Ernest Gragg is “a little stubborn” about things and fiercely independent, said her daughter Priscilla Robinson.
You can see it in how she lives her life. Ms. Gragg worked until she was 83 years old. A history and English teacher, she retired from teaching and then went to work again fluctuating from full-time to part-time to full-time again. Even after retiring at 83, she went back to work as a contract employee.
Today at 86, Gragg is showing signs of memory loss. A long-distance caregiver, Robinson said she talks to her mother every day- sometimes multiple times a day.
“She admitted to me that she’s gotten turned around a few times driving,” Robinson said. Another concern: “She repeats herself over and over and over,” Robinson said. The family has voiced other concerns.
Robinson took her mother to the doctor to get checked for memory issues, but the doctor did not diagnose her with dementia and did not give any advice on how to handle the family’s concerns.
“They were a little cavalier in the way they handled my concerns,” Robinson said. “When you see her once every few months and I talk to her every day, I feel I know her better than the doctor knows her….If I went in and thought it was an ulcer, the doctor would tell you don’t eat this, do that. Why not for this issue?”
Karen D. Gorman Jones said when she first started noticing changes in her mother, her mother’s doctor would not even acknowledge her concerns. Her mother changed doctors and the geriatric doctor told Gorman Jones that nothing was wrong with her mom, Inez Gorman. Less than a year later, Gorman Jones said, the diagnosis came – her mother had Alzheimer’s disease.
African Americans are disproportionately impacted by Alzheimer’s disease. Older African Americans are almost twice as likely as whites to get the disease. But new research findings also show they bear the brunt of health care disparity and discrimination in getting Alzheimer’s and dementia care.
Findings from two national surveys appearing in the Alzheimer’s Association 2021 Alzheimer’s Disease Facts and Figures report reveal that half of African Americans (50%) report they have experienced health care discrimination. More than 2 in 5 Native Americans (42%) and one-third of Asian Americans (34%) and Hispanic Americans (33%) likewise report having experienced discrimination when seeking health care.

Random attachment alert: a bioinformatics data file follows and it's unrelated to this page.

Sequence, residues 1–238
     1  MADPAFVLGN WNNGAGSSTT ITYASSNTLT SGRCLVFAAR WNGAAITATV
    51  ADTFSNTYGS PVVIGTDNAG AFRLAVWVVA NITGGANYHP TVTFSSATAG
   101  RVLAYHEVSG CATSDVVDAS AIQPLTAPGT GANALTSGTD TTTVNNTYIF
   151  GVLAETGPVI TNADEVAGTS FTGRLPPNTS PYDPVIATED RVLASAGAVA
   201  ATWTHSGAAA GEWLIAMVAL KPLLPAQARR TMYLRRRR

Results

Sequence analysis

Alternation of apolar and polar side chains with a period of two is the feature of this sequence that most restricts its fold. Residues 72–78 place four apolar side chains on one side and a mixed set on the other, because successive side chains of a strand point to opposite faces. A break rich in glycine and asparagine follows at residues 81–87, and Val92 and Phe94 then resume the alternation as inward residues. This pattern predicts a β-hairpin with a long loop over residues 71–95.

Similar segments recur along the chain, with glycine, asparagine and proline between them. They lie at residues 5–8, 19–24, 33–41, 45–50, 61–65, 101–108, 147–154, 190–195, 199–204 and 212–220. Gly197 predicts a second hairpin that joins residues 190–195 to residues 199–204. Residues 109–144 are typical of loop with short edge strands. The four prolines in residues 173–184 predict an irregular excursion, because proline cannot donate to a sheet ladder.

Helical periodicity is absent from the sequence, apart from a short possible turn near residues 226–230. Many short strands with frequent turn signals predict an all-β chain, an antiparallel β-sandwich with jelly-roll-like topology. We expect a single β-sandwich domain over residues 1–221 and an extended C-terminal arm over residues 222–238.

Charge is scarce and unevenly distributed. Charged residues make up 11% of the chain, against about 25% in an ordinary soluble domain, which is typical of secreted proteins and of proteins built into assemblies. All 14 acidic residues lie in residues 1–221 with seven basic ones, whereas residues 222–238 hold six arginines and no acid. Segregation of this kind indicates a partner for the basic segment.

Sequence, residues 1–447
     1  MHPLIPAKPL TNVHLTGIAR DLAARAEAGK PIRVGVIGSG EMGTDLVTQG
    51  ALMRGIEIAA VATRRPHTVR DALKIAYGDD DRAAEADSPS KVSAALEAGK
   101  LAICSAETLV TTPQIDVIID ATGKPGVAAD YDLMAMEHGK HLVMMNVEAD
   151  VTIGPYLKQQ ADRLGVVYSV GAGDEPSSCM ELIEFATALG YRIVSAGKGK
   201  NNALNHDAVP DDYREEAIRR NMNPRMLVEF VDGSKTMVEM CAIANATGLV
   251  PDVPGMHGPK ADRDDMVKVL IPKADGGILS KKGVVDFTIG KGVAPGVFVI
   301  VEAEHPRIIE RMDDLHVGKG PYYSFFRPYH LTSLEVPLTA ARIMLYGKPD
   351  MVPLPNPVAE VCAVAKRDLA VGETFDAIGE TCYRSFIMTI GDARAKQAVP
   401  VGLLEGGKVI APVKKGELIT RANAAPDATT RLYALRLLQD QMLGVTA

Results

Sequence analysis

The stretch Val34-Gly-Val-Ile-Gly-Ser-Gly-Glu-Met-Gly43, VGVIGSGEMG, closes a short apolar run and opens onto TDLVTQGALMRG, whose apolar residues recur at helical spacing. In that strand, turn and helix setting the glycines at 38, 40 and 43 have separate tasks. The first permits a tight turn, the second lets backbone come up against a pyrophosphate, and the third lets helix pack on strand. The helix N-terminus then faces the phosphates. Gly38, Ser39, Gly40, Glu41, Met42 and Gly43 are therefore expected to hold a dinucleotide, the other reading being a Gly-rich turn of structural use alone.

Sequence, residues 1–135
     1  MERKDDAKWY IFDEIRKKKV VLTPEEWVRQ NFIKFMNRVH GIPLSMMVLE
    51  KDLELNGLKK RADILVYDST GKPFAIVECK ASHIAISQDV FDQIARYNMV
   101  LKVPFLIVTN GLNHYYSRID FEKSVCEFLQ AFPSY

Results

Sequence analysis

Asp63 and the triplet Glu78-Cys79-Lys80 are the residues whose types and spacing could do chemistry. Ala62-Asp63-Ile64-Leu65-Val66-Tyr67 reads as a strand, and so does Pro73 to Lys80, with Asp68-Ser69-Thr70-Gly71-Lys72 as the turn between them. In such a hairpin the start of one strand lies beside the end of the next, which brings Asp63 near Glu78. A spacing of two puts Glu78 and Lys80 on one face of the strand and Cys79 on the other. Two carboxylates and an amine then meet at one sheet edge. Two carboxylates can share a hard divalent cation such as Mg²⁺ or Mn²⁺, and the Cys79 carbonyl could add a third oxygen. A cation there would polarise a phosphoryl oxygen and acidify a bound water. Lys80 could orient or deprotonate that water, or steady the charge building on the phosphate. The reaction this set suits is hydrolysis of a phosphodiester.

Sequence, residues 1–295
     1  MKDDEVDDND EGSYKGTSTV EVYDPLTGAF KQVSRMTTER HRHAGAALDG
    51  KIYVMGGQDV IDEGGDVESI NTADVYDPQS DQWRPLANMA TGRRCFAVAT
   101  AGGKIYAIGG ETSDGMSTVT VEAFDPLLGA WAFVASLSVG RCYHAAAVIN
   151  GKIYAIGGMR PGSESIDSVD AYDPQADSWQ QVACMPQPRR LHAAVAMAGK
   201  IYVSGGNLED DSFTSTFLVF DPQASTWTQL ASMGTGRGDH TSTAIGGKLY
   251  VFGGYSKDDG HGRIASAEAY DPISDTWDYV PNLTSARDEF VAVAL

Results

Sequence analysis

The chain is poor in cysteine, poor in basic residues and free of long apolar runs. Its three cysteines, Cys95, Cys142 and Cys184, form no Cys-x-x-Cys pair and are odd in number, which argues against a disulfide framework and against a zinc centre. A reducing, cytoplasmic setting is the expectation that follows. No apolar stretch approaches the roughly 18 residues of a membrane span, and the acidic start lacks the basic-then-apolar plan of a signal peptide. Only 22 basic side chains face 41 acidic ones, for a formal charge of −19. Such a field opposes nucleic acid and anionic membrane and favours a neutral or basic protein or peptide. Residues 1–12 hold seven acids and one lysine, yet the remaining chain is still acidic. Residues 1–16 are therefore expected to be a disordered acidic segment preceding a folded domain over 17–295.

In addition, half or more of non-White caregivers say they have experienced discrimination when navigating health care settings for their care recipient, with the top concern being that providers or staff do not listen to what they are saying because of their race, color or ethnicity.
“Despite ongoing efforts to address health and health care disparities in Alzheimer’s and dementia care, survey results show there is still a lot of work to be done,” said Carl V. Hill, Ph.D., MPH, Chief Diversity, Equity and Inclusion Officer, Alzheimer’s Association.
Eric VanVlymen, Ohio Regional Leader of the Alzheimer’s Association, said in Ohio, the Association is conducting community forums to get more insight into Ohioans’ experience. “We consistently say go to the doctor if you are noticing memory issues, but it is imperative that once people are there that people are diagnosed as early as possible and get the medical care needed.”
Robinson said in her case, she doesn’t think she was being discriminated against. The doctor just did not want to deal with it.
“It was not pushed to the back of the stove, it was pushed off the stove,” Robinson said. “The doctor was not helpful in addressing these things. All of these things are disheartening. I just feel it’s going to be a struggle.”
She continued, “Right now I don’t have anybody to help. Where do I start, what do I do, all of these things are of a concern to me.”
People with immediate concerns can call the Alzheimer’s Association’s 24/7 Helpline at 800.272.3900. The Alzheimer’s Association is helping to train primary care physicians to increase the accuracy and timeliness of diagnosis of people with Alzheimer’s and other dementia through an initiative called Project Echo®. Once enrolled, physicians can present cases and get coaching from a multidisciplinary clinical team of experts from around the country.
VanVlymen said current and future health care providers must be prepared to screen, diagnose and treat Alzheimer’s and dementia in racially and ethnically diverse older adults because by 2050, up to 39 percent of this older adult population will be non-White Americans.
“At the Association we are focused on working to understand how we achieve health equity in dementia because everyone deserves accurate and timely diagnosis and effective treatment,” VanVlymen said.
Tips on Getting an Alzheimer’s Diagnosis
- If you, your parent or spouse is having memory issues, go see a doctor
- If it is a parent or spouse, ask if you can attend the doctor’s appointment
- Make sure that your loved one has signed paperwork to allow the doctor to share information with you.
- Remember you are the best advocate for your loved one. If you are not satisfied with what the doctor is saying, keep asking questions or ask for a second opinion.
- Contact the Alzheimer’s Association’s 24/7 Helpline at 800.272.3900. The Association can help educate you on the stages of the disease and do a care consultation for you and your loved one.